What to Expect After a Heart Attack

Both body and mind

The good news is that since the early 1950s cardiovascular death rates in Canada have dropped by more than 75 per cent, according to Statistics Canada, mostly because of improved surgical procedures, drug therapies and prevention efforts.

The bad news is that every seven minutes a Canadian still dies from heart disease or stroke.

If you or someone you love has recently suffered a heart attack there’s a lot to understand when moving forward and it can all feel quite overwhelming. Knowing the extent of damage after a heart attack is the first stop.

“If you have significant damage you’re at risk for congestive heart failure,” says Dr. Beth Abramson, a cardiologist at St. Michael’s Hospital in Toronto and spokesperson for the Heart and Stroke Foundation. “The heart is a pump that moves blood through the body. When you have a heart attack the pump is damaged and weakened. The longer we wait to get to the hospital and ignore our symptoms the more likely the chance for major damage. Timing is so important.”

Fortunately, many heart attack sufferers survive with little, if any, damage to the heart.

“In this day and age, we now have the technology to treat heart attacks quickly and minimize heart muscle damage,” says Dr. Abramson, who also teaches at the University of Toronto and wrote the book Heart Health for Canadians. “Many of my patients have no significant effects on their body after a heart attack.”

But one thing anyone who’s had a heart attack can count on is the need to be on certain medications for the rest of their life to help prevent further attacks down the road, says Dr. Abramson. That includes cholesterol pills (regardless of your cholesterol level), aspirin-like medication, and certain other heart pills, most of which she says have no side effects.

The stress of having gone through a life-threatening event can also affect a person’s mental health.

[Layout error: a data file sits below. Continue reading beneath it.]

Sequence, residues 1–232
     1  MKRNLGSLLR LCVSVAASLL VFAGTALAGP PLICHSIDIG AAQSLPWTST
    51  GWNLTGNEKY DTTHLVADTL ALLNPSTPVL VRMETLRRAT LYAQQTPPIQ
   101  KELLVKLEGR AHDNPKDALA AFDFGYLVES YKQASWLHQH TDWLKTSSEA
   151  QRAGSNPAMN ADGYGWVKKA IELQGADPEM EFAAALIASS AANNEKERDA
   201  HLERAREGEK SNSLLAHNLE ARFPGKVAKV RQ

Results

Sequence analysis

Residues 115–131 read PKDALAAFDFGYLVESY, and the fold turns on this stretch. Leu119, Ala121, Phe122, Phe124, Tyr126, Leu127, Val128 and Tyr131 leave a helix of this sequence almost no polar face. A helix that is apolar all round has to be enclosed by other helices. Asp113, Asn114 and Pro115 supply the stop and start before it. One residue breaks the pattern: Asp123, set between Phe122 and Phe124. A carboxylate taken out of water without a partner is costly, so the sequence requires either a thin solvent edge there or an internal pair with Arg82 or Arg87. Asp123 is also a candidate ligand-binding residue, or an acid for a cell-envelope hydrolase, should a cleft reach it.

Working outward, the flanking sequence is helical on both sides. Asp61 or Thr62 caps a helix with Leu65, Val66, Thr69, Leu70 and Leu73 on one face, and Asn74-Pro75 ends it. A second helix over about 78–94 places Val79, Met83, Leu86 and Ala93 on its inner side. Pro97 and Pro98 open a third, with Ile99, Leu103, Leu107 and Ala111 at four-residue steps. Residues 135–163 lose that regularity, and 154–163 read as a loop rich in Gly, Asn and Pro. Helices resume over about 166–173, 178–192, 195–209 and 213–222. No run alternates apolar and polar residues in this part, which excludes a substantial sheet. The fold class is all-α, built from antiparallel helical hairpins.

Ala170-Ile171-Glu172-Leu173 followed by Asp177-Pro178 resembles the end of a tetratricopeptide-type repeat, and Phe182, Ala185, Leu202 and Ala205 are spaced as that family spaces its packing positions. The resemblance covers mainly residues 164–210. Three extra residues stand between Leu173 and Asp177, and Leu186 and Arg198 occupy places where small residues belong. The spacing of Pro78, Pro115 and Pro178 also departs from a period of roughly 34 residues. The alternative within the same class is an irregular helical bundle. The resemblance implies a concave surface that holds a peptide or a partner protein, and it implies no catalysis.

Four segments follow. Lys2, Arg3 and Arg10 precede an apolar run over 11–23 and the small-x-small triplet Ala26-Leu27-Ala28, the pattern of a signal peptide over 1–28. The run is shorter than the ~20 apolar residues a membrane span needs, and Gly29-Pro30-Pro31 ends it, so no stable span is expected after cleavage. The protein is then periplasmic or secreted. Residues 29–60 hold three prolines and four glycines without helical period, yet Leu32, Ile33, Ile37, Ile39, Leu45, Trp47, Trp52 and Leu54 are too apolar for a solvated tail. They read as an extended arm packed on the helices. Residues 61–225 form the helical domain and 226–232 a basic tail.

“The risk of depression is high, she says. “I tell my patients depression is common, but not normal and it needs treatment.” That treatment can include various forms of counselling and sometimes medication if the depression is prolonged. It all depends on the person.

But everyone, emphasizes Dr. Abramson, should be involved in a Cardiac Rehab Program, which can make a huge difference in recovery progress, yet is often underutilized. It involves a team of health care professionals, such as doctors, nurses, physiotherapists and pharmacists, who take care of the whole patient – mind and body. “If you or a family member have had a heart attack and have not been sent to a Cardiac Rehab Program, ask your doctor to do so.”

NEXT: The biggest misconception people have about life after a heart attack

As for the biggest misconception people have about life after a heart attack, Dr. Abramson says it’s that they think their lives are over.

“People sometimes think they’re going to have to quit their jobs, lose 100 pounds, stop drinking and eat a purely vegetarian diet. That’s just not realistic and it’s not sustainable.”

What they do have to do, she says, is make realistic and lasting lifestyle changes that include quitting smoking (a biggie), eating more healthily, perhaps losing some weight, reducing stress, limiting alcohol consumption and getting some form of exercise for a minimum of 50 minutes a week.

“No one has to put on spandex and go to a gym to be physically active,” she emphasizes. “Even just walking can be beneficial.”

And that goes for all of us – even those who haven’t had a heart attack, since we Boomers are at the age and stage where we’re at the greatest risk for one, points out Dr. Abramson.

“All Boomers need to understand how to prevent heart disease in the first place, minimize their risk and take charge of their health. We have opportunities and access to ways to lead vibrant, happy lives, but we have to pay attention to our own risk factors and our own health. Even though we have the best medicine and technology out there, it can only do so much.”